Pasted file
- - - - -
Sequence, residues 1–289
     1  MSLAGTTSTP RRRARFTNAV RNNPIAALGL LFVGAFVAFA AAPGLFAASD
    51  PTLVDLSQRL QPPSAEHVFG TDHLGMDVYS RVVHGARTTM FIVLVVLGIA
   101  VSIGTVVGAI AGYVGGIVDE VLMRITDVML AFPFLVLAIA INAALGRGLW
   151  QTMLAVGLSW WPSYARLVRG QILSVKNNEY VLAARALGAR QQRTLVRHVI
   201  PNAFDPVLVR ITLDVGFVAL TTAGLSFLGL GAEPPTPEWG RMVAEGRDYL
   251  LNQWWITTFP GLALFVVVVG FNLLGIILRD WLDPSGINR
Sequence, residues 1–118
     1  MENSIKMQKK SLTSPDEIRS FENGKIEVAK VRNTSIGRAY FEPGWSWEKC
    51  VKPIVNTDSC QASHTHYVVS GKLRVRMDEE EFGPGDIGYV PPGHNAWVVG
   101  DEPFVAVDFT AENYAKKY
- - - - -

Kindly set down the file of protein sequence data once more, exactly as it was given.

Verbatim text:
Sequence, residues 1–289
     1  MSLAGTTSTP RRRARFTNAV RNNPIAALGL LFVGAFVAFA AAPGLFAASD
    51  PTLVDLSQRL QPPSAEHVFG TDHLGMDVYS RVVHGARTTM FIVLVVLGIA
   101  VSIGTVVGAI AGYVGGIVDE VLMRITDVML AFPFLVLAIA INAALGRGLW
   151  QTMLAVGLSW WPSYARLVRG QILSVKNNEY VLAARALGAR QQRTLVRHVI
   201  PNAFDPVLVR ITLDVGFVAL TTAGLSFLGL GAEPPTPEWG RMVAEGRDYL
   251  LNQWWITTFP GLALFVVVVG FNLLGIILRD WLDPSGINR
Sequence, residues 1–118
     1  MENSIKMQKK SLTSPDEIRS FENGKIEVAK VRNTSIGRAY FEPGWSWEKC
    51  VKPIVNTDSC QASHTHYVVS GKLRVRMDEE EFGPGDIGYV PPGHNAWVVG
   101  DEPFVAVDFT AENYAKKY